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The great shame of all this distrust amongst drivers, is that ridesharing is a brilliant 21st century concept, it's just that Uber have applied 19th / 20th century employer attitudes to their drivers.

It is actually very similar to the majority of mining companies - where the employee is treated like an idiot child, with no respect, hidden beneath a thin veneer of care. And really, Uber's absolute insistence, on no person to person contact and reliance on bland data driven text responses, is no different from say dealing with a telco or a government department.

Just watch and listen to a politician avoiding answering questions, or reacting as say Colin Barnett - getting angry and confrontational if questioned. The sad reality is Uber treats drivers exactly as most other businesses and large employers do.

Collectively, we hate it, but we're powerless to do anything. Question a public servant or demand an answer, or respect and you know very well you're going to the back of the queue. Question an employer and there goes your job, or at the very least, and opportunity of advancement.

So it's important not to single out Uber as being any different to most large companies - they simply do not see any value in you or I as an individual.

Everyone on this forum understands that two things would make the job viable - a 15% increase in fare structure and payment of the GST by Uber. The only other need would be genuine respect for the drivers.

Now it's not going to happen, but how interesting would it be to see Richard Branson, open up a Virgin Rideshare business, applying the business and moral principles he so strongly insists on. He could cherry pick the best drivers and vehicles and he has no need to build a brand, Virgin is trusted across the world. Finally, in defense of Uber office staff, from many years experience in the corporate world, I have no doubt those people directly employed by Uber, at Subiaco, or any other office, are just as badly treated as drivers are - they simply reflect the culture of the company.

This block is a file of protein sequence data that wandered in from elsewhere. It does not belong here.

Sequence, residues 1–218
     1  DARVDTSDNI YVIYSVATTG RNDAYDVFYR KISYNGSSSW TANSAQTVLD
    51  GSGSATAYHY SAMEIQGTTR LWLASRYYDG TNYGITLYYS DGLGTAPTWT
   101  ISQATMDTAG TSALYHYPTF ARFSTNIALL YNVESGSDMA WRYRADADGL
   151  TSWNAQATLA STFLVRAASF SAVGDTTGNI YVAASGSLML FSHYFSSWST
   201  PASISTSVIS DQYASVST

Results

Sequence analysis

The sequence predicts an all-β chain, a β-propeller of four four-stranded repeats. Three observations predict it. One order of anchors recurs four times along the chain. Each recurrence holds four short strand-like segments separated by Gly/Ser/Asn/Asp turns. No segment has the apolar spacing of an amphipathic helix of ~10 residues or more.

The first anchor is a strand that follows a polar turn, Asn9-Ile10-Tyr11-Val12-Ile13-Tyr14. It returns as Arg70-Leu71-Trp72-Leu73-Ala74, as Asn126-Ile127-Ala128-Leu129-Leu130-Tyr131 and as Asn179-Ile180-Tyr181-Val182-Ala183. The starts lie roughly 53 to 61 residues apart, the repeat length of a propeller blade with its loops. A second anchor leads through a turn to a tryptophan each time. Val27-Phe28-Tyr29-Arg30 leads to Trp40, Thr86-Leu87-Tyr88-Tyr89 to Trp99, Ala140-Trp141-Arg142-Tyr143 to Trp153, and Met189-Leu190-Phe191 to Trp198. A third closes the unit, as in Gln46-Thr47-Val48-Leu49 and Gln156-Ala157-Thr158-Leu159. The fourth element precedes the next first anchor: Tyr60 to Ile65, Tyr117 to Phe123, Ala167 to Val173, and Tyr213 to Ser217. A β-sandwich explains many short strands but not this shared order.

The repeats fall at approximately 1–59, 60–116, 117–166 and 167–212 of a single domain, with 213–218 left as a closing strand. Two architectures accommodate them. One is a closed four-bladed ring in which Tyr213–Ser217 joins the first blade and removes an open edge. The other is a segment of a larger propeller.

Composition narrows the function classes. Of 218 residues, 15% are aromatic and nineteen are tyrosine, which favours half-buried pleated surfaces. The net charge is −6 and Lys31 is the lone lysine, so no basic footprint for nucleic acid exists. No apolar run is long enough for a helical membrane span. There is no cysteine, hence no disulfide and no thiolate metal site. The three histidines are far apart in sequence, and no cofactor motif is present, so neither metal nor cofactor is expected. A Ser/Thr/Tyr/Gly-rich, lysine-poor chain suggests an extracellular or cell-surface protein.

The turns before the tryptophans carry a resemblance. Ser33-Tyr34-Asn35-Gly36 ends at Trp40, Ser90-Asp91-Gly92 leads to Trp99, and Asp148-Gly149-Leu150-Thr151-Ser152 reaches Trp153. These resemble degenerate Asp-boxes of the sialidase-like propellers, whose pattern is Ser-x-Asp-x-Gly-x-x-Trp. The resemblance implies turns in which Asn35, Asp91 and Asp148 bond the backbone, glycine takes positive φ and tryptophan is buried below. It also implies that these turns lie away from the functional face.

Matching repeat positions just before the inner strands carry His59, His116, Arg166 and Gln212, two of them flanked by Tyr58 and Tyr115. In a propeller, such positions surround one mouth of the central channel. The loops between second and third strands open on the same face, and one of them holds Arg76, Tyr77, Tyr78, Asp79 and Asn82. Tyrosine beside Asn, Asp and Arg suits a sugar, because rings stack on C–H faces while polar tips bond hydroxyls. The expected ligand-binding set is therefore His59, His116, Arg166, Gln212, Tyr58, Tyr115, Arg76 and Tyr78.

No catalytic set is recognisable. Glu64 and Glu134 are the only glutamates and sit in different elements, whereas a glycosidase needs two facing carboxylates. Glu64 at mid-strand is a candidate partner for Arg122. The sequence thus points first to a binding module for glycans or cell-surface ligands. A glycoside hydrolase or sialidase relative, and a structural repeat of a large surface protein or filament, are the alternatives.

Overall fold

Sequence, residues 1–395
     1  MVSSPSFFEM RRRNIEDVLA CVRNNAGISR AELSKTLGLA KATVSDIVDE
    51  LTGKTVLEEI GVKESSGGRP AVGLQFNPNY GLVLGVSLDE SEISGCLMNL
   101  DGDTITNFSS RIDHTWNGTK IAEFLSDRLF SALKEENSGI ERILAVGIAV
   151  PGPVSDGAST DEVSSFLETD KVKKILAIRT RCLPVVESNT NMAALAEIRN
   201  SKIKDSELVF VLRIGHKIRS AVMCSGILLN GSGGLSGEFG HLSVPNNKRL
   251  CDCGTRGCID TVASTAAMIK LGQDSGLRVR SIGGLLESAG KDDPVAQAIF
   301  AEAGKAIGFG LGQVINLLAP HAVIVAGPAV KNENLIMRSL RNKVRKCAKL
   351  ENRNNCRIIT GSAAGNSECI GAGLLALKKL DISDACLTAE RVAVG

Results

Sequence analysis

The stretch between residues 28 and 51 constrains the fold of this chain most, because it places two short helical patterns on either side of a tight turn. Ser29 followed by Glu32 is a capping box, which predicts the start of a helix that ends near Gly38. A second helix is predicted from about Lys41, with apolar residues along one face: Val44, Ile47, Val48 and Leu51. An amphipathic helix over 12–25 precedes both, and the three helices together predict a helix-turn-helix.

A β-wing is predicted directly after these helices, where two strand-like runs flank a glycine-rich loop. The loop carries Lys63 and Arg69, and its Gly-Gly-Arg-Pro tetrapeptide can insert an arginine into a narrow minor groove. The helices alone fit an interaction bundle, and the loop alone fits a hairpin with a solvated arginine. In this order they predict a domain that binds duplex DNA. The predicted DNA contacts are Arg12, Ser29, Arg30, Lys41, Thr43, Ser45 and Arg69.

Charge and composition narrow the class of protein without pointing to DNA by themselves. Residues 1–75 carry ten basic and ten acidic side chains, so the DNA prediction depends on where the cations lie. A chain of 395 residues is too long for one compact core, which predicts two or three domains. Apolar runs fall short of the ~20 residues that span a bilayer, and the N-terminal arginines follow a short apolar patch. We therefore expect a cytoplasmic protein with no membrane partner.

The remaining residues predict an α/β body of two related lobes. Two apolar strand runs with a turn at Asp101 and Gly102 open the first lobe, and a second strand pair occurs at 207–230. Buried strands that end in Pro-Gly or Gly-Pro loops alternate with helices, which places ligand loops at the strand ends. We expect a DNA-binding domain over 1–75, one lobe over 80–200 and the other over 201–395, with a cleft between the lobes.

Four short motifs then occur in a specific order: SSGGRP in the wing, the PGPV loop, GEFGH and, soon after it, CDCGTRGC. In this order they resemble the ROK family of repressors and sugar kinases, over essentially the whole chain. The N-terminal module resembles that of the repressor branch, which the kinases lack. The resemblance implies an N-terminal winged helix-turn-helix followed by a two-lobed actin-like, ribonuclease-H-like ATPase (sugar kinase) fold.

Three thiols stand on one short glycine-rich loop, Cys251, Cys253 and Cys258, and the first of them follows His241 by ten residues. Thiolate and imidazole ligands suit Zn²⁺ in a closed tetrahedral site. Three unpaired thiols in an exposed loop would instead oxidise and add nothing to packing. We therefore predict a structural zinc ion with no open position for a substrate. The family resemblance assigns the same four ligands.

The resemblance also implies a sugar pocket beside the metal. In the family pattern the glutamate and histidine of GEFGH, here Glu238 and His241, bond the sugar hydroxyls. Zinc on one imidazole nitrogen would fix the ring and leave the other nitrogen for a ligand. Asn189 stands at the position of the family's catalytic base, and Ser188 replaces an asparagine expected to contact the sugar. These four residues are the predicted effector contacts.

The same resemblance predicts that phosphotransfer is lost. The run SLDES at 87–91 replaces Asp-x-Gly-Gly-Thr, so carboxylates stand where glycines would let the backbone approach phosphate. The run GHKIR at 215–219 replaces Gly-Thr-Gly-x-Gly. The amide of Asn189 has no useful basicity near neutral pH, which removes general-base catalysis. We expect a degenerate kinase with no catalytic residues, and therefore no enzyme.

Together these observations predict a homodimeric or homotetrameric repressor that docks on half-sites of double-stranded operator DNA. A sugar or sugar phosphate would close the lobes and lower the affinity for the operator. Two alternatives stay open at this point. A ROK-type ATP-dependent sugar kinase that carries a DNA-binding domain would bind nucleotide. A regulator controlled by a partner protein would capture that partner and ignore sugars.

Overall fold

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The great shame of all this distrust amongst drivers, is that ridesharing is a brilliant 21st century concept, it's just that Uber have applied 19th / 20th century employer attitudes to their drivers. It is actually very similar to the majority of mining companies - where the employee is treated like an idiot child, with no respect, hidden a thin veneer of care. And really, Uber's absolute insistence on no person to person contact and reliance on bland data driven text responses, is no different from say dealing with a telco or a government department. Just watch and listen to a politician avoiding answering questions, or reacting as Colin Barnett - getting angry and confrontational if questioned. The sad reality is Uber treats drivers exactly as most other businesses and large employers do.
And collectively, we hate it, but we're powerless to do anything. Question a publuc servant or demand an answer or respect and you know very well you're going to the back of the queue. Question an employer and there goes your job, or at the very least, and opportunity of advancement.
So it's important not to single out Uber as being any different to most large companies - they simply do not see any value in you or I as an individual.